Likewise, Psalm 1 is a lens through which we are to see the entire Book of Psalms.8

Moreover, the first letter of the Hebrew alphabet is aleph. And, in Psalm 1, aleph is the first letter of the first word.

Also, the last letter of the Hebrew alphabet is tav. And, in Psalm 1, tav is the last letter of the last word (also see Psalm 112).9

So, when it comes to how we ought to live life, Psalm 1 is essentially giving us the A-Z.10 Want to learn how you should live? Psalm 1 has the key. It encapsulates everything we need to know.

For, ultimately, there are two ways to live. A way contrary to God’s character, and a way conforming to God’s character… living life as directed, or living life as selected. And the two ways are as far apart as A to Z.11

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You see, ultimately, there are two ways to live life with two different destinations. We can walk in a way contrary to God’s character, or in a way that conforms to God’s character. We can live life according to our own selections or according to our God’s directions.

And, I hope the introductory song of the entire Book of Psalms moves you to choose wisely – to avoid going your own way, and to meditate on and follow the instruction of the LORD night and day.

Instead of trying to determine our own purpose in the world, let’s try to discern the purpose we’ve been given by the Creator of the world.

May your precious God-given life be a prosperous, God-driven life. May you choose the blessed way of true bliss.

And, May the LORD bless you and keep you.


  • Boice, James Montgomery. Psalms 1–41: An Expositional Commentary. Grand Rapids, MI: Baker Books, 2005.
  • Broyles, Craig C. Psalms. Edited by W. Ward Gasque, Robert L. Hubbard Jr., and Robert K. Johnston. Understanding the Bible Commentary Series. Grand Rapids, MI: Baker Books, 2012.
  • Davis, Barry. “Psalms”. In The Baker Illustrated Bible Commentary, edited by Gary M. Burge, and Andrew E. Hill. Grand Rapids, MI: Baker Books, 2012.
  • Futato, Mark D. “The Book of Psalms.” In Cornerstone Biblical Commentary, Vol 7: The Book of Psalms, The Book of Proverbs. Carol Stream, IL: Tyndale House Publishers, 2009.
  • Goldingay, John. Baker Commentary on the Old Testament: Psalms 1–41. Edited by Tremper Longman III. Vol. 1. Grand Rapids, MI: Baker Academic, 2006.
  • Greidanus, Sidney. Preaching Christ from Psalms: Foundations for Expository Sermons in the Christian Year. Grand Rapids, MI: William B. Eerdmans Publishing Company, 2016.
  • Jacobson, Rolf A., and Beth Tanner. “Book One of the Psalter: Psalms 1–41.” In The Book of Psalms, edited by E. J. Young, R. K. Harrison, and Robert L. Hubbard Jr. The New International Commentary on the Old Testament. Grand Rapids, MI; Cambridge, U.K.: William B. Eerdmans Publishing Company, 2014.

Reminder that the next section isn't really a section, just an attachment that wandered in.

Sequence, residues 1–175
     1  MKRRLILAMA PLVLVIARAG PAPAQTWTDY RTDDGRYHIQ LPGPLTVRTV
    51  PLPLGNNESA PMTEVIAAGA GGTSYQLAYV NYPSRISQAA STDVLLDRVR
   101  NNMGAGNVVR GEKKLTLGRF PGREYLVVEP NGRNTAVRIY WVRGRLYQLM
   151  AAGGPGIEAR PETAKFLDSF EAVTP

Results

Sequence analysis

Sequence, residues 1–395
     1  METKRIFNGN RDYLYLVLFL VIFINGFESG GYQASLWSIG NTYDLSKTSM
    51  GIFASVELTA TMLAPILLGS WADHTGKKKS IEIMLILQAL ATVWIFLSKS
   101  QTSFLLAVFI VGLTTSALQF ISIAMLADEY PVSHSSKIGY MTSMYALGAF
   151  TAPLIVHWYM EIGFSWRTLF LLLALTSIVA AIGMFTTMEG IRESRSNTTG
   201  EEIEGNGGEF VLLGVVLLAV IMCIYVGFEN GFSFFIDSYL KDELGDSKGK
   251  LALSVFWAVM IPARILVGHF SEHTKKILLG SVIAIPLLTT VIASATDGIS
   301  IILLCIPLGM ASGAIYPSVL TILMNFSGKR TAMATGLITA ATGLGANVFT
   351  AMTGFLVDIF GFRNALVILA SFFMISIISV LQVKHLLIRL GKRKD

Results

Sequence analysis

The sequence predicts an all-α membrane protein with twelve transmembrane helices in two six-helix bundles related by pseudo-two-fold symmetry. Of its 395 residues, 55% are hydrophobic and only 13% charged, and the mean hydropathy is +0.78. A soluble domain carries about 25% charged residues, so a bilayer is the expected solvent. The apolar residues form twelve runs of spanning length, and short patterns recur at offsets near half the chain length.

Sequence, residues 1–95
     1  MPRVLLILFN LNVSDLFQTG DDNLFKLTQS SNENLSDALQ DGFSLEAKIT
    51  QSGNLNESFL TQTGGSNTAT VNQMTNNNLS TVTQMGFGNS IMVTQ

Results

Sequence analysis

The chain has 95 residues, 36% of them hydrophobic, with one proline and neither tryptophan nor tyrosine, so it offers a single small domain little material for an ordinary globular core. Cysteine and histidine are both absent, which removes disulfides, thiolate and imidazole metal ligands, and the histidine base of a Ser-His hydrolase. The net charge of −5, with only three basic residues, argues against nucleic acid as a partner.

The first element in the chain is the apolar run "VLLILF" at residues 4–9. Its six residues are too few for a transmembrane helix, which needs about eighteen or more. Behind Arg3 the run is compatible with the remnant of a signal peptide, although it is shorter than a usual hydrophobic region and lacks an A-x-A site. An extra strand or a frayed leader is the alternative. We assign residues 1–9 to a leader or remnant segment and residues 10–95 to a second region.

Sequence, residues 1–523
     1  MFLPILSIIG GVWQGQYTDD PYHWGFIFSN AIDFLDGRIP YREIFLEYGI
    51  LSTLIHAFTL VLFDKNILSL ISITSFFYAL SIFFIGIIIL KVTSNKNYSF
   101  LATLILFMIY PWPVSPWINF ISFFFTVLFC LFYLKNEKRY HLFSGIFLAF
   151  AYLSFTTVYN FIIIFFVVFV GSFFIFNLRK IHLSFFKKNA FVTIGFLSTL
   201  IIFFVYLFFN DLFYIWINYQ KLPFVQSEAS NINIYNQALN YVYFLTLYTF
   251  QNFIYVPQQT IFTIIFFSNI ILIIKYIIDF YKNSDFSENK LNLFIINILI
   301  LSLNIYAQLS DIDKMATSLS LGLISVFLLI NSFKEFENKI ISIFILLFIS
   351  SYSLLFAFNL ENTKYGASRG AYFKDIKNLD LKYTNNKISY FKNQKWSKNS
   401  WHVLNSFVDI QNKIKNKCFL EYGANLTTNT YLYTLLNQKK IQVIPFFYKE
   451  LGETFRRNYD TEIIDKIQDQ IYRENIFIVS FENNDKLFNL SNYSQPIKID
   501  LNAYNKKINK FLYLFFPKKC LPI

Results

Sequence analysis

• Jones, Christine Brown. “Psalms.” In The Baker Illustrated Bible Background Commentary, edited by J. Scott Duvall and J. Daniel Hays, 422–57. Grand Rapids, MI: Baker Books, 2020.
  • Kidner, Derek. Psalms 1–72: An Introduction and Commentary. Vol. 15. Tyndale Old Testament Commentaries. Downers Grove, IL: InterVarsity Press, 1973.
  • Kraus, Hans-Joachim. A Continental Commentary: Psalms 1–59. Minneapolis, MN: Fortress Press, 1993.
  • Hilber, John W. “Psalms”. In Zondervan Illustrated Bible Backgrounds Commentary (Old Testament): The Minor Prophets, Job, Psalms, Proverbs, Ecclesiastes, Song of Songs, edited by John H. Walton. Vol. 5. Grand Rapids, MI: Zondervan, 2009.
  • Longman, Tremper, III, and Peter Enns, eds. Dictionary of the Old Testament: Wisdom, Poetry & Writings. Downers Grove, IL; Nottingham, England: IVP Academic; Inter-Varsity Press, 2008.
  • Longman, Tremper, III. Psalms: An Introduction and Commentary. Edited by David G. Firth. Vol. 15–16. The Tyndale Commentary Series. Nottingham, England: Inter-Varsity Press, 2014.
  • Matthews, Victor Harold, Mark W. Chavalas, and John H. Walton. The IVP Bible Background Commentary: Old Testament. Electronic ed. Downers Grove, IL: InterVarsity Press, 2000. [IVP]
  • Motyer, J. A. “The Psalms.” In New Bible Commentary: 21st Century Edition, edited by D. A. Carson, R. T. France, J. A. Motyer, and G. J. Wenham, 4th ed., 485–583. Leicester, England; Downers Grove, IL: Inter-Varsity Press, 1994.
  • Waltke, Bruce K., James M. Houston, and Erika Moore. The Psalms as Christian Worship: A Historical Commentary. Grand Rapids, MI; Cambridge, U.K.: William B. Eerdmans Publishing Company, 2010.
  • White, R. E. O. “Psalms.” In Evangelical Commentary on the Bible, 3:367–98. Baker Reference Library. Grand Rapids, MI: Baker Book House, 1995.
  • Wilcock, Michael. The Message of Psalms: Songs for the People of God. Edited by J. A. Motyer. The Bible Speaks Today. Nottingham, England: Inter-Varsity Press, 2001.
  • Wilson, Gerald H. Psalms. Vol. 1. The NIV Application Commentary. Grand Rapids, MI: Zondervan, 2002.


  1. Wilson, 92
  2. Greidanus, 46
  3. Wilson, 92
  4. Broyles, 41
  5. Motyer, 489
  6. Wilcock, 19; Broyles, 41; Longman, 55; Jacobson, 59; Greidanus, 46; Wilson, 89
  7. Wilcock, 19
  8. Longman, 59
  9. Futato, 32; Greidanus, 46
  10. Futato, 33; Greidanus, 46
  11. Futato, 33
About @DannyScottonJr 456 Articles
Imperfect Servant ✝?⛪ | Husband | Princeton U. Alum | M. Div. | Assistant (to the) Pastor | Sound Doctrine & Apologetics @catchforchrist